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Non-fiction! I think we actually have more non-fiction here than we do fiction which surprises me. It never used to be that way. These are our reference books. Some of them anyway. I have another two shelves worth back in Canada that didn’t make the ‘absolutely necessary’ cut on my last visit. A couple samurai books and my Heart of Kendo book which actually helped me develop my own philosophy of kendo. Alex bought a book on Renaissance art and antique maps. She likes that sort of thing more than I do. The Eyewitness Books are mine because shut up! I like reliving my childhood! Also, they are quick, easy references for things I might need to know. The What People Wore When book is probably the most disappointing in this entire shelf. It is a fantastic book on clothing, textiles, and period fashion, but it is largely Euro-centric. It would be a wonderful tool for writing if I were writing a European-like fantasy setting, but I’m not. I’m writing about the bloody desert and there’s a whole 3 pages for Africa and nothing on the middle east or South America. I am disappointed, book and I shake my head at you.

IMG_0706More non-fiction reference books! These are our mythology books. There’s the standard dragon, unicorn, sea monster and the like. Mythologica was an incredibly expensive gift from my best friend and I am madly in love with this book even today. It’s every ancient history class that was never taught to me in school. The Element Encyclopedia of Magical Creatures was a bit disappointing. It has a great long list of creatures, but no illustrations which was what I was hoping for. The book was wrapped up when I bought it so I never got a peek inside. Sneaky. Conversely, the Magical Creatures Bible is more or less beautifully illustrated, though not as full. I’ll take what I can get. Alex and I labored over whether the Bhagavad Gita should go on the humanities shelf or the mythology shelf. You can see for yourself where it landed. I studied a much more abridged version of it in my first religious studies course. Imagining Arjuna and Krishna involved in the most epic of bromances really got me through the semester.

IMG_0707Oh, the encyclopedias! Alex bought these cheap. We realized that there were vast, gaping holes in our knowledge of cultural stuff mostly, but not limited to food, music and textiles. That’s what those big green books are: world wild encyclopedias on culture across the globe, not just Europe. I thought I’d never see the day. The thick black book on the left that needs to be on its side is The Elements Vault. It’s a book for adult children like myself who yearn for learning, but with pictures and colors and mystery pockets. I’m all about the mystery pockets. This book goes into great detail of each of the elements on the periodic table, from the very basic to the sort of chemistry that I will never be able to understand. Plus there are samples of some of the elements. The two thin bronze books beside it are from the Taiwan National Palace Museum. Alex bought them for their stone, ivory and wood carvings that are just too amazing to put into words. The talent of ancient craftsmen just blows the mind.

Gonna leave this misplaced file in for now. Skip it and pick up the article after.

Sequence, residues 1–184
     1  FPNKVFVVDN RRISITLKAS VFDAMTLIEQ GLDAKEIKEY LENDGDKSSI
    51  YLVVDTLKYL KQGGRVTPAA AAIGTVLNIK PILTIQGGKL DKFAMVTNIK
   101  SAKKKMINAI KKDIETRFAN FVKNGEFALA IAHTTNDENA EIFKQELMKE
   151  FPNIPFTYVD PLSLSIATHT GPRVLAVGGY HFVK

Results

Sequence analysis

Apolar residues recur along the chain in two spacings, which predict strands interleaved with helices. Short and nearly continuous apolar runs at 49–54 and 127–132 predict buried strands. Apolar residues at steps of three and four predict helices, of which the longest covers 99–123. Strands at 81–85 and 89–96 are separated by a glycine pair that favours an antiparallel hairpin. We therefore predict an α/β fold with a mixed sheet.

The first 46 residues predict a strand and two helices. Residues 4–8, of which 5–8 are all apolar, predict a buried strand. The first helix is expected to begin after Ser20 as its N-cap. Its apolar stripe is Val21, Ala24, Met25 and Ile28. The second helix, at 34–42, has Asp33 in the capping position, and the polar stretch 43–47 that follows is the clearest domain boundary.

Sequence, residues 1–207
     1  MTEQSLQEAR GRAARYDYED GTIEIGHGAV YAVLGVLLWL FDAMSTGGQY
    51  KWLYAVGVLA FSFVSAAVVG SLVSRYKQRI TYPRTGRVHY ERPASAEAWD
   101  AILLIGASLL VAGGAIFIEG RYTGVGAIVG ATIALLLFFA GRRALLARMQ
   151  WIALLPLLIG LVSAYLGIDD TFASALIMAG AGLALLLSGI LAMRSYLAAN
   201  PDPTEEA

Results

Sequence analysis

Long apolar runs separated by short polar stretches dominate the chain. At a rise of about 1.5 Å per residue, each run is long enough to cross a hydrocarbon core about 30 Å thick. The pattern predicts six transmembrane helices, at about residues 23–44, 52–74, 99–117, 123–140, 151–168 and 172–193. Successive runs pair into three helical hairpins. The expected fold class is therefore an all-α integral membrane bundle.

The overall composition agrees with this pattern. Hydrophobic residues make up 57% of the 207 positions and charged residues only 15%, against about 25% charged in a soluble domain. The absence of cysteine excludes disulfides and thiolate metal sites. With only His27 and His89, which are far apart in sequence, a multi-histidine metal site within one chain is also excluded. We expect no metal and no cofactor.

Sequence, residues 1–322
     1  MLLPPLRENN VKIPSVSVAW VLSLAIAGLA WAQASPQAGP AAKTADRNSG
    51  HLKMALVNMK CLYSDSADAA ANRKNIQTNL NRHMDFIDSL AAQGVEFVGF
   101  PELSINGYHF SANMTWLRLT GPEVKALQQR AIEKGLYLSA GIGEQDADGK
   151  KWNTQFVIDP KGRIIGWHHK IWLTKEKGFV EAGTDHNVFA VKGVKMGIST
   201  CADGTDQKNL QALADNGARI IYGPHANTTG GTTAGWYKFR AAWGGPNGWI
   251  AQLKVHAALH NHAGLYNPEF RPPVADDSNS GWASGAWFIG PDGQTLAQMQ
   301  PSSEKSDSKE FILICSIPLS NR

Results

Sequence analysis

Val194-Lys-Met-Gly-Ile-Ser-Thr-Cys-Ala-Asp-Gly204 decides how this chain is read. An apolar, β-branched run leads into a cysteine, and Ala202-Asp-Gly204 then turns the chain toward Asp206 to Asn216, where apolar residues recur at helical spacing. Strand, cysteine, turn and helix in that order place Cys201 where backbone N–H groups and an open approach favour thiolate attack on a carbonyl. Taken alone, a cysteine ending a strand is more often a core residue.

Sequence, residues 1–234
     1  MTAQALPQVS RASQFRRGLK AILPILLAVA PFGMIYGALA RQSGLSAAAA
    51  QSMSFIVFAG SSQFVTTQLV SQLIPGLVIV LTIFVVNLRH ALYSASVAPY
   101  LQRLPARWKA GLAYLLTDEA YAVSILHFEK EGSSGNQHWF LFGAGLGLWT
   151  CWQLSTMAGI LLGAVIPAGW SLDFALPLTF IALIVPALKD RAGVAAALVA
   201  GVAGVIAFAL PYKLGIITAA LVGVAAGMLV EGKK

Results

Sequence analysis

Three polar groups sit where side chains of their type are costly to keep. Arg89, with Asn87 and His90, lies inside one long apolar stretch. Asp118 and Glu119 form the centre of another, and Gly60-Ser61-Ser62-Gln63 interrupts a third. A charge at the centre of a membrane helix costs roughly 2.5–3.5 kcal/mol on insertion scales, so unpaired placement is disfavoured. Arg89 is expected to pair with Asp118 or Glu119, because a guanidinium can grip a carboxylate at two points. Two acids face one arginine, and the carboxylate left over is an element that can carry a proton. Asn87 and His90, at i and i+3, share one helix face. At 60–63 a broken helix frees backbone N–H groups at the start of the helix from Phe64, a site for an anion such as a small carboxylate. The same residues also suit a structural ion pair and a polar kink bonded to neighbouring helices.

IMG_0708Moving right along, these are our art reference books. Mine are all on acrylics; Alex owns the ones on watercolors and never shall we understand the others medium. Why yes that is a book on Edo period erotic art tucked in the middle there. I’m so glad you spotted that, hypothetical reader who can read kanji. It’s a fun book. Every culture, in every time period has its own, unique porn. Sometimes very unique. 77 Dances, to bring things back to a more classy place, is a book on calligraphy. Not something I have patience for. Nor do I have the patience for the intricate gold leaf lettering that is the subject of that squat, gray book in the middle. That one is Alex’s. If she ever produces anything as a result of that book I’ll post it here so everyone can gawk in as much awe as I certainly will.

IMG_0709And we’ve made it back to fiction! Didn’t think we’d ever get back here, did you. Don’t worry, it won’t last long. A lot of classics here: Don Quixote, The Canterbury Tales, Robinson Crusoe, The Old Curiosity Shop and a copy of The Count of Monte Cristo which is way thicker than the one I have back in Canada which leads me to believe that the one I read is an abridged version. Damn. Also, The Book of the Courtier which I will absolutely read very soon. I promise. I need to anyway to get the tone right for my current MS.

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Here a few more books by Neil Gaiman that I can’t live without. The three tall ones are all Alex’s which I haven’t read yet. The Sword of Truth series (of which the latter half of seems to have escaped my camera, oh well) which I loved in high school but failed to impress Alex. She said it’s too needlessly violent and I guess I can see her point. The thing that turned me off of the books in the end was that the torments that the main character is put through started to feel contrived. It stopped being enjoyable to read.